The Warren County Board of Supervisors gave owners of property on Panhandle Road the greenlight to rent to tourists over objections by some neighbors.
The supervisors voted 4-0 at their regular meeting Tuesday to approve a conditional-use permit for the short-term tourist rental at 2686 Panhandle Road in southwest Warren County. Board Chairman Walter J. “Walt” Mabe, Vice Chairwoman Cheryl L. Cullers and Supervisors Archie A. Fox and Delores R. Oates voted in favor of the motion the approve the permit. Supervisor Tony F. Carter did not attend the meeting.
Daniel and Samantha Nobles and Kevin and Renee Roig applied for a conditional-use permit to use property they own jointly at 2686 Panhandle Road as a short-term tourist rental. Panhandle Road, managed by the Virginia Department of Transportation, serves as direct access to the 4.9-acre property, which is not in a property owners or homeowners association. The property lies near the George Washington National Forest.
Several people spoke at the public hearing on the application. Dawn Simmons told supervisors that she and other neighbors have concerns about the condition of Panhandle Road, which she described, as narrow and water-damaged with humps and blind corners. People that live in the area already know how to safely drive on the road. Wendy Weir expressed concern about how the owners can manage the property if they live more than an hour away.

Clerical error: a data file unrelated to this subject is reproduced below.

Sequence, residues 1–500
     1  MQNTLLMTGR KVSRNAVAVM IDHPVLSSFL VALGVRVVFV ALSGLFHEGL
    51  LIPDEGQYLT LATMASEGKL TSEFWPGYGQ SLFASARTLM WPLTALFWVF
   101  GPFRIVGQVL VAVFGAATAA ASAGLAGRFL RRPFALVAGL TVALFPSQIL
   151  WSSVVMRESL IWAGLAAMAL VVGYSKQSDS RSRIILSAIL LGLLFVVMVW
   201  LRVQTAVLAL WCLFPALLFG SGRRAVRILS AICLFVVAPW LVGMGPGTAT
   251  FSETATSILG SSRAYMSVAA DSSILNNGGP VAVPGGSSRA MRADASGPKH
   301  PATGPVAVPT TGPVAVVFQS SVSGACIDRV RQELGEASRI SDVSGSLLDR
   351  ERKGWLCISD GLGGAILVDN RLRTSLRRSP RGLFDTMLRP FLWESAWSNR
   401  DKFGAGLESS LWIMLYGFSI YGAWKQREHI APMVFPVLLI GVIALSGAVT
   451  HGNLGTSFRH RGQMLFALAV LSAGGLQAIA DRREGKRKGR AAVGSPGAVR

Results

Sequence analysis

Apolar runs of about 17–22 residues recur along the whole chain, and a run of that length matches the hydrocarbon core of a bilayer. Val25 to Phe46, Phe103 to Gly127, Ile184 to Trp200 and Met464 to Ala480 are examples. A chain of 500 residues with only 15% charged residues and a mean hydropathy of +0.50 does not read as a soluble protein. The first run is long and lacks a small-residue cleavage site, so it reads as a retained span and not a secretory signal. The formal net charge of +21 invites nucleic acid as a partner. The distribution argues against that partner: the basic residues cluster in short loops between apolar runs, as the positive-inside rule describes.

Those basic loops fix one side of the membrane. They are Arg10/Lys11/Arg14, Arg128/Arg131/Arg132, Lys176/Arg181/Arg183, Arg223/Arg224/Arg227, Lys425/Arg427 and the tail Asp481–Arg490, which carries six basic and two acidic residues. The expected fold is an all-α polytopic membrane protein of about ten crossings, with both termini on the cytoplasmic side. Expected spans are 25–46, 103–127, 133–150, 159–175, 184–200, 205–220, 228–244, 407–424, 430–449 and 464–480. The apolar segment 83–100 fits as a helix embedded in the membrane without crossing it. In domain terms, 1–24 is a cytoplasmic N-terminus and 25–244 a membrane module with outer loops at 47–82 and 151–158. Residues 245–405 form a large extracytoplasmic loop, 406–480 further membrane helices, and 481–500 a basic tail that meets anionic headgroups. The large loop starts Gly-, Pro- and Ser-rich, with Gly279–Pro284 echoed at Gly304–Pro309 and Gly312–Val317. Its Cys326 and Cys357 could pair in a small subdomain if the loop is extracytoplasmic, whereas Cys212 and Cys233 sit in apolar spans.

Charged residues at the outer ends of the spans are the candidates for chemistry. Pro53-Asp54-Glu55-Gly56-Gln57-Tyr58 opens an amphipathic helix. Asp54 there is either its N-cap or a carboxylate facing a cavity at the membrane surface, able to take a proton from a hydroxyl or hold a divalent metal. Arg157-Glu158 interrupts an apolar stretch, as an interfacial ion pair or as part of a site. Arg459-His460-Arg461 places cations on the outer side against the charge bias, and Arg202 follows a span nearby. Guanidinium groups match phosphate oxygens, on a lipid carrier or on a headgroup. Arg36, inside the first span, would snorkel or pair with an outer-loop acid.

Stephen Aaron Jr. owns property at 1174 River Ridge Road and told supervisors he obtained a conditional-use permit for a short-term tourist rental last year. Aaron recalled that the Roigs and the Nobles came out to the River Ridge Road property and decided to do the same. Aaron said this is how the county can attract people to the area, to invest in property and spend money locally.
The applicants plan to use the property as a tourist rental to offset the various costs such as the mortgage, maintenance and insurance. They mention in their statement filed for the permit that they are experienced landlords of both long- and short-term rentals in Washington, D.C., and understand property management of these types.
No more than six people can occupy the dwelling to comply with Warren County Health Department regulations. The applicants must provide documentation to county staff for the maintenance of the sewage system as recommended by the health department. The applicants must have the well water tested annually for e-coli and L-coliform bacteria and submit the results to the county planning and health departments by the end of the calendar year. The permit prohibits the shooting of firearms, hunting or discharging fireworks as well as outdoor fires, bonfires and fire pits.
County Planner Matt Wendling presented information to the supervisors prior to the public hearing. Concerns had been raised about a bridge that is part of the driveway to the dwelling. Chief Richard Mabe and Fire Marshal Gerry Maiatico, of the Warren County Department of Fire and Rescue Services, visited the site and determined that the bridge can support emergency vehicles as required for access to the property.
The Planning Commission recommended that supervisors approve the permit after seven adjacent property owners spoke against the application at a public hearing. Speakers voiced concerns about litter, drinking and driving by guests, fireworks and hunting on the property. They also expressed concerns about child safety, road maintenance, and how fast emergency crews could respond to calls for service at the property. Wendling also provided letters to the supervisors from other property owners recommending that the board members deny the permit request.